The real cost of a data breach
Insights on the latest cyber risks and associated damages
WHITE PAPER |
For businesses to successfully navigate today's cyber-threats and effectively respond to data security events, understanding the costs associated with a data breach is critical. Incidents at Fortune 500 organizations get significant media coverage, but the reputational and financial impact to small and middle market companies can be even more damaging.
RSM US LLP is a proud sponsor of the ninth annual 2019 NetDiligence® Cyber Claims Study, which provides greater insight into data breaches and associated damages.This year's report features analysis of 2,081 claims arising from events that occurred between 2014 and 2018. The data from these claims has been aggregated in over 20 ways, including types and amounts of losses, incident causes, types of data exposed, business sectors affected, revenue size of claimants, and the financial impact of cybercrimes (business interruption, malicious insiders, social engineering, ransomware).
To present more accurate pictures of the business impact of cyber events on smaller versus larger organizations, this year’s report presents findings for small to medium enterprises (SMEs) separately from findings for large companies. For the purposes of this report, SMEs are defined as organizations with less than $2B in annual revenue, while large companies are defined as organizations with $2B or more in annual revenue. Analysis finds that the average cost of a breach for SMEs was $178K, whereas the average cost of a breach for large companies was $5.6M.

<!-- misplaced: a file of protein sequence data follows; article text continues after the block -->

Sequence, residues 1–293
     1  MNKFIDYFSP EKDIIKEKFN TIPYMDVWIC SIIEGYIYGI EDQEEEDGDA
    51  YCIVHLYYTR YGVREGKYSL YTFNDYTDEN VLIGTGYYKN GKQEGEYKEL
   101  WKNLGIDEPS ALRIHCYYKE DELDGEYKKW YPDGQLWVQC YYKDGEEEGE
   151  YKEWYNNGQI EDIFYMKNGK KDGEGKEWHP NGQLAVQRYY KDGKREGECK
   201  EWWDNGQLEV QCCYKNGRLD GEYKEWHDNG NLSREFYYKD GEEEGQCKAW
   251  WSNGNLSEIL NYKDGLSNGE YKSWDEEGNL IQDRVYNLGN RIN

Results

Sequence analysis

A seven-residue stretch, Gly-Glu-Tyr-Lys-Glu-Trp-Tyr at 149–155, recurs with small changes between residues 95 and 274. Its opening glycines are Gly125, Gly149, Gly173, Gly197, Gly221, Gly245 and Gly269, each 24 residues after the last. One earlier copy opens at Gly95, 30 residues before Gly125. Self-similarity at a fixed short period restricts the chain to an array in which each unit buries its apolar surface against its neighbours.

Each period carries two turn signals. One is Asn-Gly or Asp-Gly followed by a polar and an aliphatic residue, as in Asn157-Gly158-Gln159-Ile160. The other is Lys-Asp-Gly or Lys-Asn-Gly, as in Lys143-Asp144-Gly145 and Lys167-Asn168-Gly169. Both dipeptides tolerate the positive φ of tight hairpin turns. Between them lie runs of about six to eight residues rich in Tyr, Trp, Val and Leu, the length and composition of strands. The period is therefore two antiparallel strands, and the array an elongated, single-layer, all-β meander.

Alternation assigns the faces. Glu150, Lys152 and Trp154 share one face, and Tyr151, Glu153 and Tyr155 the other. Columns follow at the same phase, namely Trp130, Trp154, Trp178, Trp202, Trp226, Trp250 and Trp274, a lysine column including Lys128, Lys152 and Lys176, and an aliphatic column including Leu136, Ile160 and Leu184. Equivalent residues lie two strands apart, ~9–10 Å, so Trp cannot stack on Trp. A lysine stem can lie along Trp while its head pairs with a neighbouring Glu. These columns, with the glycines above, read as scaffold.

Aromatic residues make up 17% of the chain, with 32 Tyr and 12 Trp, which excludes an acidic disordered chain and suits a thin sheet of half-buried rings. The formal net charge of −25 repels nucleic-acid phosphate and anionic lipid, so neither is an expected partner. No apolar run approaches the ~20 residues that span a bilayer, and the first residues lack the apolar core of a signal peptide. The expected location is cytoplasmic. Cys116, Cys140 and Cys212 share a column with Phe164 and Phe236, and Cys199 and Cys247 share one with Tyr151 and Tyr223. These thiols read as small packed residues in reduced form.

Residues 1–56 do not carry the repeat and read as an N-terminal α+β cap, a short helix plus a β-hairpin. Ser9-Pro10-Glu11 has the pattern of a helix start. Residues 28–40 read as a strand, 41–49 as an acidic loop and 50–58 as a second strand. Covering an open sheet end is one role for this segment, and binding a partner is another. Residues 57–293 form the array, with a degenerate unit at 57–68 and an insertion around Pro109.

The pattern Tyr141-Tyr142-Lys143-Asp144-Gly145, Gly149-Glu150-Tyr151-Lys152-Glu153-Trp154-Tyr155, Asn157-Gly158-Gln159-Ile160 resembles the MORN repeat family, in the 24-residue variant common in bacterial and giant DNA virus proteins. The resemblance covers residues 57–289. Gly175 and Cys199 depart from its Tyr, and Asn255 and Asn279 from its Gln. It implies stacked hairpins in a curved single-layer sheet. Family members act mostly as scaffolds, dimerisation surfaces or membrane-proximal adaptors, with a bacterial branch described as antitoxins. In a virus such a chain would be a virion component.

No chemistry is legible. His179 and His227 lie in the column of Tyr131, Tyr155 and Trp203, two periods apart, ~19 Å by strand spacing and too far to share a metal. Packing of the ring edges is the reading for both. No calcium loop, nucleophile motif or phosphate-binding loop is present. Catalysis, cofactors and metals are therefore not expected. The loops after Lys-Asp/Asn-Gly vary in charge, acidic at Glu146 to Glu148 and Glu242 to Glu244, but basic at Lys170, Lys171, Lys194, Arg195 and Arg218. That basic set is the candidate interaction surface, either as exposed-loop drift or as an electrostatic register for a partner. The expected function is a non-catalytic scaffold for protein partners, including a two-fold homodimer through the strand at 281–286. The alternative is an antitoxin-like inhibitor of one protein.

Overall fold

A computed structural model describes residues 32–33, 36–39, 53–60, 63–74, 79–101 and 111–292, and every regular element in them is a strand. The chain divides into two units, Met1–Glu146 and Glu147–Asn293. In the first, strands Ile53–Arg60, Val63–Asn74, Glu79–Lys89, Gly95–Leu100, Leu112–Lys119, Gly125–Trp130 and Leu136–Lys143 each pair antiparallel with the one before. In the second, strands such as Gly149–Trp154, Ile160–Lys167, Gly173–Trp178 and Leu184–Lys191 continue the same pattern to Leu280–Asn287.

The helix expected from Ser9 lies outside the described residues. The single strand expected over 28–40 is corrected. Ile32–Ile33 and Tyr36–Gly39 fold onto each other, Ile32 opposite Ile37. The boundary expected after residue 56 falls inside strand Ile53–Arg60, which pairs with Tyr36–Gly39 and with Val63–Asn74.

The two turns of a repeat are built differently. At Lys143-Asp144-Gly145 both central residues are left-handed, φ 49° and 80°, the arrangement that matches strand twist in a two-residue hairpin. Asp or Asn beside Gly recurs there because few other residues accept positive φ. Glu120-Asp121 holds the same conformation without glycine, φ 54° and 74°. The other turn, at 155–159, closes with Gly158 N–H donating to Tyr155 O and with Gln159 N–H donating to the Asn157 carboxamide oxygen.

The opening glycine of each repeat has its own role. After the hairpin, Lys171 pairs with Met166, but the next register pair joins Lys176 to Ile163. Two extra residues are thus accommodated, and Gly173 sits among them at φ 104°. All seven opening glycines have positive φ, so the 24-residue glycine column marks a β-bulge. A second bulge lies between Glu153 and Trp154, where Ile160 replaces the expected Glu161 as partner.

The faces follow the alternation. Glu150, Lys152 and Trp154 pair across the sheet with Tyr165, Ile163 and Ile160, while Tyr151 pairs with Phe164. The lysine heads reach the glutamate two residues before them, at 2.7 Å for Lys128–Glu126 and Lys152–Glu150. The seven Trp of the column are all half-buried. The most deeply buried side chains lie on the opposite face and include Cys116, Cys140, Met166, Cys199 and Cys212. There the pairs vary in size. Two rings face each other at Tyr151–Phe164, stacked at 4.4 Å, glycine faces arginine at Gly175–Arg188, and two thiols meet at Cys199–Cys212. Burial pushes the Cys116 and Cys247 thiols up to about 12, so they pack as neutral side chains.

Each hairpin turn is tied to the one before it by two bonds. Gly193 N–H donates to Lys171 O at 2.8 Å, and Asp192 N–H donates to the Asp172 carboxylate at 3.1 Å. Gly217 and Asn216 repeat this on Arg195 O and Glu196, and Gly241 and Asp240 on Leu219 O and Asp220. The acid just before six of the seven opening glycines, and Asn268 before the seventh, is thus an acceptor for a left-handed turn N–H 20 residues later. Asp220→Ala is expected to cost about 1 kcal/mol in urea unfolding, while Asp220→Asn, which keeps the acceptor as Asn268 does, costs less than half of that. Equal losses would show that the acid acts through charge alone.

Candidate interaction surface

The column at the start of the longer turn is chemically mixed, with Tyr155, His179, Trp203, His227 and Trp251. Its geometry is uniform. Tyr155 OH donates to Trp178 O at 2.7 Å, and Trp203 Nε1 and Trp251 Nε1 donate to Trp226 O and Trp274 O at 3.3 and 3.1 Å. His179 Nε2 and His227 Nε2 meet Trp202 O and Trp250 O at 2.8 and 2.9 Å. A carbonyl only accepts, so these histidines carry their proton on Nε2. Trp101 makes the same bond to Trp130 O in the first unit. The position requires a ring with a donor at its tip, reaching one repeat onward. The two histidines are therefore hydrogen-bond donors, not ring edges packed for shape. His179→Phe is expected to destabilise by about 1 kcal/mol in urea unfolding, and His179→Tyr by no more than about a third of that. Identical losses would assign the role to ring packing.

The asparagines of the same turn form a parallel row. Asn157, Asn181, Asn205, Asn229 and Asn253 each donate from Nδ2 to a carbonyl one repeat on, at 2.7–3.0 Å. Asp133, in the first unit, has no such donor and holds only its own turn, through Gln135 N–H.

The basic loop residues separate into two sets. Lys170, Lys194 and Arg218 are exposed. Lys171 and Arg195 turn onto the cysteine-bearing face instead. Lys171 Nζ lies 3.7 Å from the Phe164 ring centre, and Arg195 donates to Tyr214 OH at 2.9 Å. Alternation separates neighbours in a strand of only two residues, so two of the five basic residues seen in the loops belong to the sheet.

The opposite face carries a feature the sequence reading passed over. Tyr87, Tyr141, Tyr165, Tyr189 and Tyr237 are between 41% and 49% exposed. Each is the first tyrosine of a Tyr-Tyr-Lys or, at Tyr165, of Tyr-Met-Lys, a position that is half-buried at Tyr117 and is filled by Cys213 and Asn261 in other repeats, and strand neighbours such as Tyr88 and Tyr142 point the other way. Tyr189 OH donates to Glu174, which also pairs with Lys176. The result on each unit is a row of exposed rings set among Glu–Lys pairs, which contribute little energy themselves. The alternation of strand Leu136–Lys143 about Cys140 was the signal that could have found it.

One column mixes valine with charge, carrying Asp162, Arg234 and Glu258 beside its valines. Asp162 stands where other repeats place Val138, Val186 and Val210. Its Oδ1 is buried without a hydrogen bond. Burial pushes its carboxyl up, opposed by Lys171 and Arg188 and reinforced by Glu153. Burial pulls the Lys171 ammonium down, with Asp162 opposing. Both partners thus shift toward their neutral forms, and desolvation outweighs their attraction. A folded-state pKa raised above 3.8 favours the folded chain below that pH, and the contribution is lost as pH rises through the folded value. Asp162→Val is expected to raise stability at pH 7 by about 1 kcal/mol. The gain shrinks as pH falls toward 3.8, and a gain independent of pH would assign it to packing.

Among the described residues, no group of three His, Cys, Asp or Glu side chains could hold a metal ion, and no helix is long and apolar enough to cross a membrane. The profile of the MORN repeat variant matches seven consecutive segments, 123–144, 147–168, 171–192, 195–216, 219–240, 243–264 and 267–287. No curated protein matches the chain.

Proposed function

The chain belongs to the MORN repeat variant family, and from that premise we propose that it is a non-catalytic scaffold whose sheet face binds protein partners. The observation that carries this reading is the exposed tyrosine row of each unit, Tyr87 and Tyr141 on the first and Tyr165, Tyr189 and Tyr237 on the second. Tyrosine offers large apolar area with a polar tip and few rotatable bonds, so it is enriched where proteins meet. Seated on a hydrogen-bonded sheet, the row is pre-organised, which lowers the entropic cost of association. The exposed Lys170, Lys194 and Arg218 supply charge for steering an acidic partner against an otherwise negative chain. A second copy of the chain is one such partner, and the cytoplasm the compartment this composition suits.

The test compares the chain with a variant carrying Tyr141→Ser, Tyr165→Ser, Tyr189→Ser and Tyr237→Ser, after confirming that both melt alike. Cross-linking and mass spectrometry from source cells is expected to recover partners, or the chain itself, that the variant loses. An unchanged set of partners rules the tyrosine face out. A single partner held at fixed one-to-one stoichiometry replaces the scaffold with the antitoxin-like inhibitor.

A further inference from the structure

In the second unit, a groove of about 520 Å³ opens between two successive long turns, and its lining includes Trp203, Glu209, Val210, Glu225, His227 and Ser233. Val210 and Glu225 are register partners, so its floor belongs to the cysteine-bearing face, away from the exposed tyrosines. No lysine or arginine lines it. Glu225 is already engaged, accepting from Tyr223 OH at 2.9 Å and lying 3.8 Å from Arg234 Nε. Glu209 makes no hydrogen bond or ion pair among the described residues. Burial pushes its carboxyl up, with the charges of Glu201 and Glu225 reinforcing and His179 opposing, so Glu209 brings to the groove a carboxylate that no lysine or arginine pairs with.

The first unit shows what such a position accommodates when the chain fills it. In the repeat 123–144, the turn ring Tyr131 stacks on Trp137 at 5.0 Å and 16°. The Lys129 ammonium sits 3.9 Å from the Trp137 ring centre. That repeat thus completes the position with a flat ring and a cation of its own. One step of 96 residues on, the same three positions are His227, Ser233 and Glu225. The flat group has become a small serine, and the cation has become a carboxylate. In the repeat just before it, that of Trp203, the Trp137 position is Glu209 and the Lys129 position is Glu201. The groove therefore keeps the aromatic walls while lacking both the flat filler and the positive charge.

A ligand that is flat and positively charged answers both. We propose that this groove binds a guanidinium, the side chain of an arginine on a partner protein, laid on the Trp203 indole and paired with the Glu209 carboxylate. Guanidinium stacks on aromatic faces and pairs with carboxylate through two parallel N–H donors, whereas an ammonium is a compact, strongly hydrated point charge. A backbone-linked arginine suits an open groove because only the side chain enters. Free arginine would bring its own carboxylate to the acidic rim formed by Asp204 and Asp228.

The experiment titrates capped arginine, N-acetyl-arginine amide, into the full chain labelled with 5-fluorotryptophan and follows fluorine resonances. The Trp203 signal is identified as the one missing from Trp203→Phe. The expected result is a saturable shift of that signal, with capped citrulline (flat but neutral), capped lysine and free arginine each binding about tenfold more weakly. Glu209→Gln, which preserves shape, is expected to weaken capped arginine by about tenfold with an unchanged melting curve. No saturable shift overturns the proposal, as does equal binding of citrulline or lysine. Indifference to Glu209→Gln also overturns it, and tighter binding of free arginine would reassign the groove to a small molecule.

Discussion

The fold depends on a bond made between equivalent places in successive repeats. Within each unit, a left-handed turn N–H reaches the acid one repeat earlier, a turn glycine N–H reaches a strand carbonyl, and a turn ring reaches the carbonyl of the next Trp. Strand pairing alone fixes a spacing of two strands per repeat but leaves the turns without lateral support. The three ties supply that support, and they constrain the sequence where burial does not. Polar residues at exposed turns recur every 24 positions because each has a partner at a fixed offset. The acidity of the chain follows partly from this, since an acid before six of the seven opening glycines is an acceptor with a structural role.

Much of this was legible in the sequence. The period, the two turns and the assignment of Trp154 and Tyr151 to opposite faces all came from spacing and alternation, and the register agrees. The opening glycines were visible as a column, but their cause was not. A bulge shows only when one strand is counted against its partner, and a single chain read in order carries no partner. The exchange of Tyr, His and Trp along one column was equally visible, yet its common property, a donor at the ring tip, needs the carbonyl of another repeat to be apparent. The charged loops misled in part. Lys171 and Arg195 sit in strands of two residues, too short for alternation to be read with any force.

“For several years in a row the focus of attackers has shifted to SMEs, and this year’s data does nothing to change the trend,” said RSM principal Daimon Geopfert. “Attackers are focusing on small and mid-sized business almost to the exclusion of all others. Data breaches within large companies carry the headlines while ransomware and email compromise within SMEs carries the majority of the cost.”
Additional key study findings include:
- The number of claims involving breaches from ransomware has increased dramatically since the studys inception with 7 claims in 2014 and 151 in 2018.
- Social engineering, ransomware, hackers, and malware/viruses were the leading cause of loss in this year's report.
- One of the clearest trends in the data is the increasing percentage of claims caused by criminal activity. This percentage has increased from 72% in 2014 to 86% in 2017 and 2018.
- Events that exposed personally identifiable information (PII), protected health information (PHI), and payment card industry (PCI) data decreased while events such as ransomware and network outages impacting critical files have increased.